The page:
Public hospitals; their efficiency and funding policy in Victoria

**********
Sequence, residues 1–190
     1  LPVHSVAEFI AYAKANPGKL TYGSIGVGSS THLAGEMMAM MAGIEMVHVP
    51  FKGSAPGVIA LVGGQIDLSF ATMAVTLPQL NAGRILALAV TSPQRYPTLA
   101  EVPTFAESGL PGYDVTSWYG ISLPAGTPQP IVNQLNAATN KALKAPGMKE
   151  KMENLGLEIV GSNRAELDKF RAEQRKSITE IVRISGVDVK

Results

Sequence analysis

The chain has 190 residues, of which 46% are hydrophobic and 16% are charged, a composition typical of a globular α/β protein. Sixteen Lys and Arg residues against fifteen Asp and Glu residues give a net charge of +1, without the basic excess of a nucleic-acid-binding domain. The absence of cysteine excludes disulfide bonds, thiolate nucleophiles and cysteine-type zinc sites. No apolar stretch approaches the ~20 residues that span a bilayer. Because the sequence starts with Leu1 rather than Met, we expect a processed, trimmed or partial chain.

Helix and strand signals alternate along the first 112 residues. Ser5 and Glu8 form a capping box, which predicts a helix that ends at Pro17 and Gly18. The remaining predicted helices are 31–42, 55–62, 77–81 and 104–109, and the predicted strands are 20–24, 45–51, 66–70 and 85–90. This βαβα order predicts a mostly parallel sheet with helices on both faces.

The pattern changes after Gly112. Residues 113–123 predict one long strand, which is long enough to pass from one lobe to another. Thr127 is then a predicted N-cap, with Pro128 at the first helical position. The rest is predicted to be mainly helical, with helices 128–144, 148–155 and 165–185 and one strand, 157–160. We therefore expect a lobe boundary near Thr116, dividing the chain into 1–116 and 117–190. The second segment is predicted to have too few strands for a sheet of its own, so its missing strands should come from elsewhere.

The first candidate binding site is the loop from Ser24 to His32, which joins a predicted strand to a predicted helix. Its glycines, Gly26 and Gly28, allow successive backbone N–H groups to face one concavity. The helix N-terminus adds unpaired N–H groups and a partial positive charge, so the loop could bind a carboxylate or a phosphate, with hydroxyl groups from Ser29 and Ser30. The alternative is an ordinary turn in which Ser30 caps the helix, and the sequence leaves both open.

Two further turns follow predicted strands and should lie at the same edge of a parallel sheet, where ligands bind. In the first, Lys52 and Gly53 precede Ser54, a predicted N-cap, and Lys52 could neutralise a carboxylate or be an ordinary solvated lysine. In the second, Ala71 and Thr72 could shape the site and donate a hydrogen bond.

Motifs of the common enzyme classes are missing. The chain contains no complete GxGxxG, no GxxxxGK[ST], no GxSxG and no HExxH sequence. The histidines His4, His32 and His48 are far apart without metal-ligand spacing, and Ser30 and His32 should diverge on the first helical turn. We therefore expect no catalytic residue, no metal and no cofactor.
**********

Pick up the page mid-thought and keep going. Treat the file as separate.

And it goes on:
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This paper examines the impact of the introduction of casemix funding (together with budget cuts) to public hospitals in Victoria over the period 1992/93 to 1995/96. One of the aims of introducing casemix funding at the time was to increase efficiency, which is defined as reducing the amount of inputs required for a given output produced. However, the evidence shows that since this period in Victoria the rate of growth of overall health expenditures has increased, suggesting inefficiencies. During the implementation phase of casemix funding, there were many hospitals that either amalgamated or closed. This paper shows that this activity occurred in rural Victoria. It will be shown that, although the new funding policy alters the way in which scarce resources (government funding) are distributed to acute hospitals, it is not evident that this alteration has resulted in improved efficiency. Evidence also indicates that standards of care, as measured by the number of patients on the non-emergency waiting list, have since fallen.
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